grows everywhere on our earth – in our forests, in our meadows, in
the sea and along our coasts. Growing processes always continue in
a soil and proceed as long as the soil makes this possible. Then growing
products often form and the soil is thus changing slowly when the
growing processes are in progress, which can lead to total impoverishment
of the soil.
Even bodies create a soil for growing processes. In the body fluids
and tissues of individuals with chronic illnesses there are growing
structures, ”seeds”, from an attacking vegetation, which thrives as
long as the circumstances permit. The processes of growing are almost
always going on in the blood. Then the blood corpuscles change, very
often forming lumps, so that the blood runs more slowly. This deteriorates
the circulation through all peripheral vascular systems leading to
an increasing microbiological growth in the organs.
Depending on where in the body the growing process mainly occurs,
the person may experience an emerging picture of symptoms as a consequence
of the sick person´s organs and tissues then being impoverished and
changed for the worse, sometimes to devastation. This is a process
already described in the 19th century in German and French microbiology,
which has, however, not yet been described within today’s medical
Since the late 1970’s Dr. Enby has carried out research on the nature
of illness under private management with a view to understanding and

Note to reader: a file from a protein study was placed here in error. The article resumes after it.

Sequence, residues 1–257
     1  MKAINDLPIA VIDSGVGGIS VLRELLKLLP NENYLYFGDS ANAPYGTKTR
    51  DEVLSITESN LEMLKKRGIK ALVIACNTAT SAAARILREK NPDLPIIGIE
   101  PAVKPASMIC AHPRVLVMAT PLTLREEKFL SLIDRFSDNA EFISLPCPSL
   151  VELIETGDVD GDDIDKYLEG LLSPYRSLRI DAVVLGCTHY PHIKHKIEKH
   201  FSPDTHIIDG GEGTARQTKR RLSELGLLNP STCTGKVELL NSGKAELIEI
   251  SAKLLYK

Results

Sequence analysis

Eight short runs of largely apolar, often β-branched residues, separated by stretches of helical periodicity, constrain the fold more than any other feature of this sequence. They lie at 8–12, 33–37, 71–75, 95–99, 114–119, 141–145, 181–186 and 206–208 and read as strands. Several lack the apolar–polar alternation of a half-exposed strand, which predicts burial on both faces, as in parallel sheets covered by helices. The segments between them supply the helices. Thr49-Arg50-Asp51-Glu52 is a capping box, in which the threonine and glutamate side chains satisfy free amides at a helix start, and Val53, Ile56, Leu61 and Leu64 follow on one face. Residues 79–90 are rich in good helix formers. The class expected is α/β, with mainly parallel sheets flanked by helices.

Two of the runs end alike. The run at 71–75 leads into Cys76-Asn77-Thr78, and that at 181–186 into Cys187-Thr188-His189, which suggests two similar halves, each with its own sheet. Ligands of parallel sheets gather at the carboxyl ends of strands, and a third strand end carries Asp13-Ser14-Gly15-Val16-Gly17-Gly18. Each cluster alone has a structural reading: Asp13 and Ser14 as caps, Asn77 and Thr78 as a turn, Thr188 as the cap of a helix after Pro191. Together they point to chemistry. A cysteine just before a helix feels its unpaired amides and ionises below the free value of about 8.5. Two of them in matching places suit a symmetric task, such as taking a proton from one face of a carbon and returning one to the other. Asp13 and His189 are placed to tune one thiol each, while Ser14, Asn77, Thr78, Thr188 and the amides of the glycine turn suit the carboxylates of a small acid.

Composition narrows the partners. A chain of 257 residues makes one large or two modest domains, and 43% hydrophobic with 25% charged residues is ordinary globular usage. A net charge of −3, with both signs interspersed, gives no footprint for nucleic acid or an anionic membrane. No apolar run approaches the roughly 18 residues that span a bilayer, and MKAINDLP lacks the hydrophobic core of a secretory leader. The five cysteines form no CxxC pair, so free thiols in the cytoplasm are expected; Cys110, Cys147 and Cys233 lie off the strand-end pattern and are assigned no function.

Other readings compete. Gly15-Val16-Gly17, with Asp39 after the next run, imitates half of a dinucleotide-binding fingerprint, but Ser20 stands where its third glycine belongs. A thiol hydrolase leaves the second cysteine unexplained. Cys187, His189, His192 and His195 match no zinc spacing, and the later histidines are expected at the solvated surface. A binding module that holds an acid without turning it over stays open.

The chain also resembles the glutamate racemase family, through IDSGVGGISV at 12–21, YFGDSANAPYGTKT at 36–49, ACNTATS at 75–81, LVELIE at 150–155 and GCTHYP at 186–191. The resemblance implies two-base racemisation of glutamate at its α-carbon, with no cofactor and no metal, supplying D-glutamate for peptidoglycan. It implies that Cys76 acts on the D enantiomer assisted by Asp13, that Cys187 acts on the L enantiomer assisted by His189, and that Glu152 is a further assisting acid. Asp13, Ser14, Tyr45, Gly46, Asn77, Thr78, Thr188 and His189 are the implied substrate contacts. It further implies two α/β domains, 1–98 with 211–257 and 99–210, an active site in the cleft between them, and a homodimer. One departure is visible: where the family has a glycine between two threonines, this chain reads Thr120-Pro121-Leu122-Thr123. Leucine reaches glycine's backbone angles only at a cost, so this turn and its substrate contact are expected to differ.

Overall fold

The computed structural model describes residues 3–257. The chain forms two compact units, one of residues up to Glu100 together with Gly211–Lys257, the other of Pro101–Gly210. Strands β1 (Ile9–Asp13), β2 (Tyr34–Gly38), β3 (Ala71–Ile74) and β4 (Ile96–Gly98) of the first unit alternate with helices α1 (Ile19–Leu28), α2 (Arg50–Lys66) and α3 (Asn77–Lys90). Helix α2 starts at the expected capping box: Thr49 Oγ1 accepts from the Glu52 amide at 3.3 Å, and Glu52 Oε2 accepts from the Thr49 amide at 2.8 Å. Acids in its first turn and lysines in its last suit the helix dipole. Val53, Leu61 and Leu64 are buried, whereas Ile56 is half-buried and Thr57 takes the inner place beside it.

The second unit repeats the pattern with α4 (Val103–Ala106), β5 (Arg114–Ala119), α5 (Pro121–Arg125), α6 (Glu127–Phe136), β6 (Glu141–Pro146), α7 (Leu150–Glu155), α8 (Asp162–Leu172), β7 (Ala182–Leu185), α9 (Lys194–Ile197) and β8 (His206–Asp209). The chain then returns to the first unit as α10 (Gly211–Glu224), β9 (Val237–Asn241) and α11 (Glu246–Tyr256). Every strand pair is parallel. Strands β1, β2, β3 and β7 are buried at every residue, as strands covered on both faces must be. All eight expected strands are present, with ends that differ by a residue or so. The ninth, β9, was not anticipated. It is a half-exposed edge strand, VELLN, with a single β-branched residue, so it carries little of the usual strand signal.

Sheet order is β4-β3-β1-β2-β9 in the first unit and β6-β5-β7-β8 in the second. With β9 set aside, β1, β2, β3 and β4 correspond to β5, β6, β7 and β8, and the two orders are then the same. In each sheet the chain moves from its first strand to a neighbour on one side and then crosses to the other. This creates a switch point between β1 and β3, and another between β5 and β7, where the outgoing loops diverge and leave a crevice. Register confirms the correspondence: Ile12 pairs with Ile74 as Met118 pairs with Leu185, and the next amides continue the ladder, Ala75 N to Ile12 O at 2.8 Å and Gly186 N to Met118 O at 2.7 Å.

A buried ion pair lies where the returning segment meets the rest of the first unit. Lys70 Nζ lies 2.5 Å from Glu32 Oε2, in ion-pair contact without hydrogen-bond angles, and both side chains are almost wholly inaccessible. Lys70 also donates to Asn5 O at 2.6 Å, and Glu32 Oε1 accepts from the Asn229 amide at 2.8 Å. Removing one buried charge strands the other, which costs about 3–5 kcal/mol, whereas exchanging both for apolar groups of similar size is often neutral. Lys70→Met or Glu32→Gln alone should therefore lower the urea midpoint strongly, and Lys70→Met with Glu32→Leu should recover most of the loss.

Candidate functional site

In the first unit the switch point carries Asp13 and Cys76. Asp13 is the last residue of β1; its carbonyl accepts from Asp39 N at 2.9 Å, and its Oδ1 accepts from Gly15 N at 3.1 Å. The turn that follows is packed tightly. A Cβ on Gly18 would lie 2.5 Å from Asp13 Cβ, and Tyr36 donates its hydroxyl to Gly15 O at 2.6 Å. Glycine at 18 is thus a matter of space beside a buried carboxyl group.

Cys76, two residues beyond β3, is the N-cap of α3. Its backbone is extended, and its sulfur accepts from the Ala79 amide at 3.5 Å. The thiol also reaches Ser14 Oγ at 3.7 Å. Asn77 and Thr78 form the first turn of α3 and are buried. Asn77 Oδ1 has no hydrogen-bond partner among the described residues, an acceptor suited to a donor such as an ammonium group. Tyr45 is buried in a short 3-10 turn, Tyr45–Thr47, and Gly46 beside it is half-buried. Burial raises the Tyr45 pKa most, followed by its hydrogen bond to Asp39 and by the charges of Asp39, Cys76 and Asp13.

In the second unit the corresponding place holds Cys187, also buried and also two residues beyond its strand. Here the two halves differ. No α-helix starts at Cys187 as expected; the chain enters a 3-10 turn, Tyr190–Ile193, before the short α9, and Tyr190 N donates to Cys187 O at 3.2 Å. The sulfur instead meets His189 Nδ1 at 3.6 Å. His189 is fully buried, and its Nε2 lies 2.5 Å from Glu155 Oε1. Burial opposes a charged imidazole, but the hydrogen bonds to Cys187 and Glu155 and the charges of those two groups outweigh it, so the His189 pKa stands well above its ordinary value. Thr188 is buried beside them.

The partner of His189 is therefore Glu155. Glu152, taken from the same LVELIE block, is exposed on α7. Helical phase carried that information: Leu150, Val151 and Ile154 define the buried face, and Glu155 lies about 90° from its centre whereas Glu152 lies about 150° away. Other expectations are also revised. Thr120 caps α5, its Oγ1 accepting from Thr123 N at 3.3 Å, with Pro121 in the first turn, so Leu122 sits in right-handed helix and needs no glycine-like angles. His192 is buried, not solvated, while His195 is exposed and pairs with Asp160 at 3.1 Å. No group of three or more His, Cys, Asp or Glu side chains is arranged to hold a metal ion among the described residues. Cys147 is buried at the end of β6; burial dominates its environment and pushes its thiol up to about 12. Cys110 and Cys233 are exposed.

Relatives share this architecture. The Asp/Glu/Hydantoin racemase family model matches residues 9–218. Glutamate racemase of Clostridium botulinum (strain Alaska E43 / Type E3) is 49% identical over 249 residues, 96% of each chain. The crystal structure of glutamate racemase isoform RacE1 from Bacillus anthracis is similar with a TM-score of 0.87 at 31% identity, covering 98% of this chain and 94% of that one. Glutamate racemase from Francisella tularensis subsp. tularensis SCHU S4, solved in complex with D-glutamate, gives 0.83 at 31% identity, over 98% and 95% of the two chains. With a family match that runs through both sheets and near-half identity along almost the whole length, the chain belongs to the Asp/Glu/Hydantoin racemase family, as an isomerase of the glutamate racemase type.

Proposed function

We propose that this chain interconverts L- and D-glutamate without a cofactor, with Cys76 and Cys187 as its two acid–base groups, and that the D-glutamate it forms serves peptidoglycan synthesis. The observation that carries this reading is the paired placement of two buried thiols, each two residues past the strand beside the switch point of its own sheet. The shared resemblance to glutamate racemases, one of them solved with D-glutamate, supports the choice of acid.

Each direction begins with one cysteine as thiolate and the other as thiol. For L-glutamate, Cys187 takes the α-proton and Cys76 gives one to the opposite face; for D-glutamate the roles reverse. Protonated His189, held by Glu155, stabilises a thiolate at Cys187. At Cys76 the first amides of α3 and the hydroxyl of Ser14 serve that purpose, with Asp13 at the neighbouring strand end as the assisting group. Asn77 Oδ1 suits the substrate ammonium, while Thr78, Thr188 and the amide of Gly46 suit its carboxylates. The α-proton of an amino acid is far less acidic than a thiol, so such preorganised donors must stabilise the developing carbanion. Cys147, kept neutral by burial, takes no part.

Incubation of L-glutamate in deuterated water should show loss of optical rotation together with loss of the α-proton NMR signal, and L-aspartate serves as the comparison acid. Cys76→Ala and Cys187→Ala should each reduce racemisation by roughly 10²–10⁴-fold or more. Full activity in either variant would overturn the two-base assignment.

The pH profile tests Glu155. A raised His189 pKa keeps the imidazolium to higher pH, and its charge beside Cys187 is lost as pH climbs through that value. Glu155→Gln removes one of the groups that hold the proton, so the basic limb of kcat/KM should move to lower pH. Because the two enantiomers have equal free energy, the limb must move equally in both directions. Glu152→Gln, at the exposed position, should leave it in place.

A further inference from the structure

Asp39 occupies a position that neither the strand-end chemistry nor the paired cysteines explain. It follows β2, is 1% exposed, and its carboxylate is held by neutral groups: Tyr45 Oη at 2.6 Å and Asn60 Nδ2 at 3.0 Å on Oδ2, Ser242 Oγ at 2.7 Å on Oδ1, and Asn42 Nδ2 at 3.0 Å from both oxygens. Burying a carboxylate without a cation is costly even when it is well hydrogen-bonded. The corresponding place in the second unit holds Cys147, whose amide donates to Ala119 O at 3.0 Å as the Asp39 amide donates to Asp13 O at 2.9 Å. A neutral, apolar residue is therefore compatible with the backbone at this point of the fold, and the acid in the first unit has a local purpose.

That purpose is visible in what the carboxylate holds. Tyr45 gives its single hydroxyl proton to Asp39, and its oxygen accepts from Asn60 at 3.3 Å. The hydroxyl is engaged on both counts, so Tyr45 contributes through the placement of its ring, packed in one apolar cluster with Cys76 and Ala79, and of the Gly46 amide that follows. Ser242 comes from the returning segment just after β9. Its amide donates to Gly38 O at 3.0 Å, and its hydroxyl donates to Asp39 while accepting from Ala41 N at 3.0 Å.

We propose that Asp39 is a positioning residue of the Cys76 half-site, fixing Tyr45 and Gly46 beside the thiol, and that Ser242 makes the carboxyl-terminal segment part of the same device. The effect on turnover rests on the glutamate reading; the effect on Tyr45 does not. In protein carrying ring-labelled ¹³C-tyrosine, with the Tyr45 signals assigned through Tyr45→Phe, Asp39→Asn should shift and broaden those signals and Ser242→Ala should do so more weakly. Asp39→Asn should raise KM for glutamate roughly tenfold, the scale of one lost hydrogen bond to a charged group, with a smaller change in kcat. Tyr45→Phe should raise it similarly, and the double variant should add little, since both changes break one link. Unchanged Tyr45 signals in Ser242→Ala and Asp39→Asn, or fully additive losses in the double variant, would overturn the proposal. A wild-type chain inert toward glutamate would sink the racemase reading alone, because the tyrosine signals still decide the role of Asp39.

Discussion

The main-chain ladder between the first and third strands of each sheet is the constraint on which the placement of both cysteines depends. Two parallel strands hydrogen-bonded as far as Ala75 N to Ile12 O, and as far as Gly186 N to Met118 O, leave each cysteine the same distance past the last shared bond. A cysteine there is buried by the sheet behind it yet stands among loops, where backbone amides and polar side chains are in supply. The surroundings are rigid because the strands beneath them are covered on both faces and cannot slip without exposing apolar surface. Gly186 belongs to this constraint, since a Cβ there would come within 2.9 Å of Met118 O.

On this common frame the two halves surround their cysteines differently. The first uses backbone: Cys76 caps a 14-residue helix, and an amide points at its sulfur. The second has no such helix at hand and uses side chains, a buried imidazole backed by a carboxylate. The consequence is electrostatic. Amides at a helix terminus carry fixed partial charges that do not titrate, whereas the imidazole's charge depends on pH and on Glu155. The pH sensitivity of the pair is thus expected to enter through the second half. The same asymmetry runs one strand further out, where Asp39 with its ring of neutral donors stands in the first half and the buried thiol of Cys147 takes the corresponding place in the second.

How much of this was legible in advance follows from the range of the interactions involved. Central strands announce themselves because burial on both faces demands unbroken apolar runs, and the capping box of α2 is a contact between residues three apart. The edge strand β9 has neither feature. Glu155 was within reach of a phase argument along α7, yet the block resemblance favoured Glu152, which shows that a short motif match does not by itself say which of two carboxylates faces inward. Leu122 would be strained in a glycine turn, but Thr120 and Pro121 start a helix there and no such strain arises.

explaining the phenomenon chronic illness. What is actually the cause?
Could the symptom pictures at different illnesses be traced back to
a common denominator?
For more than 20 years Dr. Enby has deepened this theory through blood
microscopy and blood analysis of thousands of patients with all kinds
of chronic diseases. The research work confirms that most of the so-called
chronically sick have growing structures in blood and solid tissues
not described earlier in the modern medical research. The discoveries
are controversial but have increased the understanding of the origin
and development of the illnesses and made it possible to arrive at
a better decision when choosing, what seems to be, effective therapies.
The established medicine has not yet accepted the research, neither
has it been able to prove it wrong. The research work will in all
probability change the approach to illnesses. It is, however, still
in its initial stage and what is presented here is maybe only the
tip of an iceberg!
Dr. Enby is a lecturer in demand and has published his research work
in eight papers presented on this home